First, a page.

What Are the Challenges With Placing an Older Child for Adoption?
While there are many great things about placing an older child for adoption, there are also challenges with placing a child for adoption that both you and your older child could face. When it comes to custody, the parent with primary custody might disagree with putting the child for adoption. The wait time for your older child can last for several years, and that could make your child feel unwanted. The transition from being with you to being with another family can be challenging for an older child to handle, so counseling and education services can be helpful in this situation. Transitioning can also be hard on you because you’ll no longer be the primary caretaker of your child once he or she is adopted.
Finding an Adoptive Family
Just as there are hopeful adoptive families looking to adopt a baby, there are plenty of adoptive families looking to adopt older children. Your adoption counselor will give you adoption family profiles that you can look through to choose a fantastic adoptive family. All the adoptive families have the required background checks and will go through adoption training.
It’s normal to feel overwhelmed when going through all of those family profiles, and that’s okay. Take your time going through each one, and you can even ask your older child to help you with your decision. Once you find the family that you’d like, you can let your adoption counselor know and set up a time and place to meet them.
Would a Family Adopt My Child Who Has Special Needs?
Of course! There are adoptive families out there who will be more welcoming to adopt a child with special needs. Whatever your child is diagnosed with, you can let your adoption counselor know, and the counselor will make it known to any adoptive family looking to adopt your child. You can also talk about your child’s special needs with the hopeful adoptive family once you meet them.
Meeting the Adoptive Family
When it’s finally time to meet the adoptive family, both you and your child can talk about your feelings on meeting their new potential family. Reassure your child that it’s just a meeting for everyone to get to know each other. The hopeful adoptive family will be more than willing to get to know your child and for your child to feel comfortable. One of the ways to get to know the adoptive family is to think of any questions to ask the hopeful adoptive parents, and you can see if your child has any questions for them. Your older child can talk about his or her favorite things like hobbies, games, toys, and music.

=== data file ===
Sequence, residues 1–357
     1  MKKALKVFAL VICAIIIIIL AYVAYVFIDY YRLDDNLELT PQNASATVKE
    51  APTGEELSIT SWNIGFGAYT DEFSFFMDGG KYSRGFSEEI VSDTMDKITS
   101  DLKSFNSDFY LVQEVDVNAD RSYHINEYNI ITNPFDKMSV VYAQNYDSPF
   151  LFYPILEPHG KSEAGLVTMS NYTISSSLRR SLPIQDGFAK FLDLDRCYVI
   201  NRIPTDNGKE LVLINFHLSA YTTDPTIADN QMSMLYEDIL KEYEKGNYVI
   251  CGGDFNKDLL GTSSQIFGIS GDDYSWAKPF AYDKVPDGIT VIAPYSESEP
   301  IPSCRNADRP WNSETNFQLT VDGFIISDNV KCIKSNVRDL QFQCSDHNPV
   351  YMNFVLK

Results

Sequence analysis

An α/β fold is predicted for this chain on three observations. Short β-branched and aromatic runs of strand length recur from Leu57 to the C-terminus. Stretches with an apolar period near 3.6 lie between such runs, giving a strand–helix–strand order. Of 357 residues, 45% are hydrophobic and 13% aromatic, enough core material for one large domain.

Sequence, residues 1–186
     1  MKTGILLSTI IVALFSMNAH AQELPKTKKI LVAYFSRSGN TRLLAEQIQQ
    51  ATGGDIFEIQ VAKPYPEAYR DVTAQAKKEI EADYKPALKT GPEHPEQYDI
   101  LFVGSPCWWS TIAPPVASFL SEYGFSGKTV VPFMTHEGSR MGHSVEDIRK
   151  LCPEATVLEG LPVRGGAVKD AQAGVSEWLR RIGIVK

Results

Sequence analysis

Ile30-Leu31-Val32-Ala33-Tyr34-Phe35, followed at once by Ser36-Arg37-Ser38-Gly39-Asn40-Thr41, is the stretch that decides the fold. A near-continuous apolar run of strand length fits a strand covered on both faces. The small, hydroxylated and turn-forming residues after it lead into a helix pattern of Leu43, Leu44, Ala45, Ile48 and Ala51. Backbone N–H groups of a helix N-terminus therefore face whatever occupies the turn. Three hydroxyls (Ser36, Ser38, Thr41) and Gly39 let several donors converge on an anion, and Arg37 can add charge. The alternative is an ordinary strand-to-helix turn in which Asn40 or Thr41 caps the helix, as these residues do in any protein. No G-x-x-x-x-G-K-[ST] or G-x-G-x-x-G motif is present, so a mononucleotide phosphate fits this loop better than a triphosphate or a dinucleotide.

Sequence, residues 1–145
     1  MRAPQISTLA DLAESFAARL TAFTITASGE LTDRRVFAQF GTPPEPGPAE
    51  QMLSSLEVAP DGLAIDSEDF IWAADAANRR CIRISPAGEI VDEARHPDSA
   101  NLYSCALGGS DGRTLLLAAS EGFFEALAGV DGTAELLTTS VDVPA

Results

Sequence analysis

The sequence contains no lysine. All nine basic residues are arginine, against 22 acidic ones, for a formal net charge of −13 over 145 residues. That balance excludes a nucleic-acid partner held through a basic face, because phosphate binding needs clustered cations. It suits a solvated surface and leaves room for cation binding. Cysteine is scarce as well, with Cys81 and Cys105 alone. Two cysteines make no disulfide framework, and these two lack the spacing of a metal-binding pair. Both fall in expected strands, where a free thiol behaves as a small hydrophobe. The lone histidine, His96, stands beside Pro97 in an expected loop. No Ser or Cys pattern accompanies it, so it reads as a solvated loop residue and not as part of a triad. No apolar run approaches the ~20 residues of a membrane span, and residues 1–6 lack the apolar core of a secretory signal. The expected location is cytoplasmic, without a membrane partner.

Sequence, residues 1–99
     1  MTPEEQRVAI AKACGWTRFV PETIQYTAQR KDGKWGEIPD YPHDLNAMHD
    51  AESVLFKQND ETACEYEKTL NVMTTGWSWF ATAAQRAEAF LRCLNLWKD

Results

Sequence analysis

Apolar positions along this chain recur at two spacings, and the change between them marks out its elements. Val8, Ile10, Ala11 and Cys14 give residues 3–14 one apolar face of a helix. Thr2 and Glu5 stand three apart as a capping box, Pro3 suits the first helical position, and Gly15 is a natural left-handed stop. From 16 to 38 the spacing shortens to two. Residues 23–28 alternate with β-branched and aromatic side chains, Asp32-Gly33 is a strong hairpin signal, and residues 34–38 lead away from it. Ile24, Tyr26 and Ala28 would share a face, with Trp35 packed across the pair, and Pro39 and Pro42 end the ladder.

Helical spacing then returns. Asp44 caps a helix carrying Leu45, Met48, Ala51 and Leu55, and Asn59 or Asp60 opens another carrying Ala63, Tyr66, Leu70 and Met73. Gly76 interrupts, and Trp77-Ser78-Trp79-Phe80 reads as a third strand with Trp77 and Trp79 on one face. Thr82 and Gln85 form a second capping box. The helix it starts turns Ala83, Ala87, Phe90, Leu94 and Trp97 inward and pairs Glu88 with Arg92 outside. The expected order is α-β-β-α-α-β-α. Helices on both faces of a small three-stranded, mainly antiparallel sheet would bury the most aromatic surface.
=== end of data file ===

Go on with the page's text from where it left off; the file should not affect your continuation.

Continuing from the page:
Terminating Your Parental Rights
One of the hardest things about adoption is the termination of parental rights. With older children, the process might be that much harder because you’ve been the parental figure for your child’s whole life. Remember just why you’re wanting to place your older child for adoption, and that one day you can reunite with him or her again. Voluntary termination of parental rights usually happens in court in front of a judge. The judge will look to see what is in the best interest of the child, and if the judge believes adoption is best, the termination of parental rights will be completed once you sign the papers.
The Post-Placement Visits
There has to be a certain number of post-placement visits that must take place, depending on the state laws. You and your older child might feel apprehensive about the new family, but the adoptive family will always want to do the best they can as parents.
The social worker will supervise the visits and ask both the adoptive family and your child questions about the placement. The post-placement visits make sure your child is safe and has what he or she needs in the home.
Life After Adoption
It might take some time for both you and your older child to adjust to life after adoption. If you’re struggling with your decision, you can always talk to your adoption counselor about how to cope with your feelings. While you might not legally be your child’s guardian anymore, you’ll always be his or her birth parent. If you’ve chosen an open or semi-open adoption, you can prepare to visit your birth child and plan fun activities to do together. You can also give and hear about life updates and write letters to your child.
If you’ve chosen a closed adoption, you can always have an adoption reunion once your child is an adult. You can also take time to reflect and focus on what you want to do with your life, like career goals, educational endeavors, travel destinations, and anything else you can think of.
Placing a child for adoption at any age is no easy task. While you might feel like you’ve failed at parenting, you didn’t. Don’t let the negative feelings and negative adoption language you hear from others put you down. You didn’t give up on parenting your child; you’ve paved the way to making a great future for your child. You’ve made a selfless decision to think about your child’s best interests, and you’ve helped people with their dreams of having a lifelong family.Are you considering placing a child for adoption? Not sure what to do next? First, know that you are not alone. Visit Adoption.org or call 1-800-ADOPT-98 to speak to one of our Options Counselors to get compassionate, nonjudgmental support. We are here to assist you in any way we can.